Immediate and Delayed Traumatic Intracranial Haemorrhage in Patients With Head Trauma and Preinjury Warfarin or Clopidogrel Use
It is a well known fact that anticoagulation plus trauma to the head leads to "badness". This study from UC Davis School of Medicine, California, published in the July 2012 Annals this month aimed to delineate the relationship further...
Patients receiving warfarin or clopidogrel are considered at increased risk for traumatic intracranial hemorrhage after blunt head trauma. The prevalence of immediate traumatic intracranial hemorrhage and the cumulative incidence of delayed traumatic intracranial hemorrhage in these patients, however, are unknown. The objective of this study is to address these gaps in knowledge.
A prospective, observational study at 2 trauma centers and 4 community hospitals enrolled emergency department (ED) patients with blunt head trauma and preinjury warfarin or clopidogrel use from April 2009 through January 2011. Patients were followed for 2 weeks. The prevalence of immediate traumatic intracranial hemorrhage and the cumulative incidence of delayed traumatic intracranial hemorrhage were calculated from patients who received initial cranial computed tomography (CT) in the ED. Delayed traumatic intracranial hemorrhage was defined as traumatic intracranial hemorrhage within 2 weeks after an initially normal CT scan result and in the absence of repeated head trauma.
A total of 1,064 patients were enrolled (768 warfarin patients [72.2%] and 296 clopidogrel patients [27.8%]). There were 364 patients (34.2%) from Level I or II trauma centers and 700 patients (65.8%) from community hospitals. One thousand patients received a cranial CT scan in the ED. Both warfarin and clopidogrel groups had similar demographic and clinical characteristics, although concomitant aspirin use was more prevalent among patients receiving clopidogrel. The prevalence of immediate traumatic intracranial hemorrhage was higher in patients receiving clopidogrel (33/276, 12.0%; 95% confidence interval [CI] 8.4% to 16.4%) than patients receiving warfarin (37/724, 5.1%; 95% CI 3.6% to 7.0%), relative risk 2.31 (95% CI 1.48 to 3.63). Delayed traumatic intracranial hemorrhage was identified in 4 of 687 (0.6%; 95% CI 0.2% to 1.5%) patients receiving warfarin and 0 of 243 (0%; 95% CI 0% to 1.5%) patients receiving clopidogrel.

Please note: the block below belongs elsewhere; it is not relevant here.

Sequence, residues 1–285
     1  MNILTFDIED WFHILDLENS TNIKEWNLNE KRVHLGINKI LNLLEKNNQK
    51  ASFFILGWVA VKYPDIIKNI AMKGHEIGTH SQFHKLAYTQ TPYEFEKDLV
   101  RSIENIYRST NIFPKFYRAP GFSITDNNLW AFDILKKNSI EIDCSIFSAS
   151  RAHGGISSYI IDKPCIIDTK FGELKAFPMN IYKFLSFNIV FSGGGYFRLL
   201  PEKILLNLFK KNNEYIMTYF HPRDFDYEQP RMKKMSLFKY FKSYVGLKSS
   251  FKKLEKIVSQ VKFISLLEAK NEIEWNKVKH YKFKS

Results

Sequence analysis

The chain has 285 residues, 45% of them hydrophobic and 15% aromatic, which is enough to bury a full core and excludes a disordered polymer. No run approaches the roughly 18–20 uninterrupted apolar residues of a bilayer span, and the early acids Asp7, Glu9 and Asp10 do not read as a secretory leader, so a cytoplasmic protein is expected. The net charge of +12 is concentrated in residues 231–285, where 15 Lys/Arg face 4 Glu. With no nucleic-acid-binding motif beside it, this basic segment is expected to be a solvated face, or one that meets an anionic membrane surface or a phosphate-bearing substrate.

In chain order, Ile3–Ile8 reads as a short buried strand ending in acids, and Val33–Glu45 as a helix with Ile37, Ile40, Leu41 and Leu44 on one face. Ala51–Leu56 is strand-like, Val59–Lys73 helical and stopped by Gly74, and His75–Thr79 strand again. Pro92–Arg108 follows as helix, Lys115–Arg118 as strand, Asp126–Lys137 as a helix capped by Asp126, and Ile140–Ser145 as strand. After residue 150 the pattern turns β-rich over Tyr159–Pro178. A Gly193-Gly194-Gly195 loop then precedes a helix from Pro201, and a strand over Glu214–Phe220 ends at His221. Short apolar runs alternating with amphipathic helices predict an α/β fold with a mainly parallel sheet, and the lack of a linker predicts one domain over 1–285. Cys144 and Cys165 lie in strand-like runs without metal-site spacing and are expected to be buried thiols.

Although there may be unmeasured confounders that limit intergroup comparison, patients receiving clopidogrel have a significantly higher prevalence of immediate traumatic intracranial hemorrhage compared with patients receiving warfarin. Delayed traumatic intracranial hemorrhage is rare and occurred only in patients receiving warfarin. Discharging patients receiving anticoagulant or antiplatelet medications from the ED after a normal cranial CT scan result is reasonable, but appropriate instructions are required because delayed traumatic intracranial hemorrhage may occur.
The bottom line from this study
- Immediate traumatic intracranial bleeds are more common with clopidogrel than with warfarin
- Delayed intracranial bleed is a feature particularly in those patients on warfarin.
- Good discharge instructions are vital for those patients discharged after negative CT, as bleeds do occur (albeit rarely)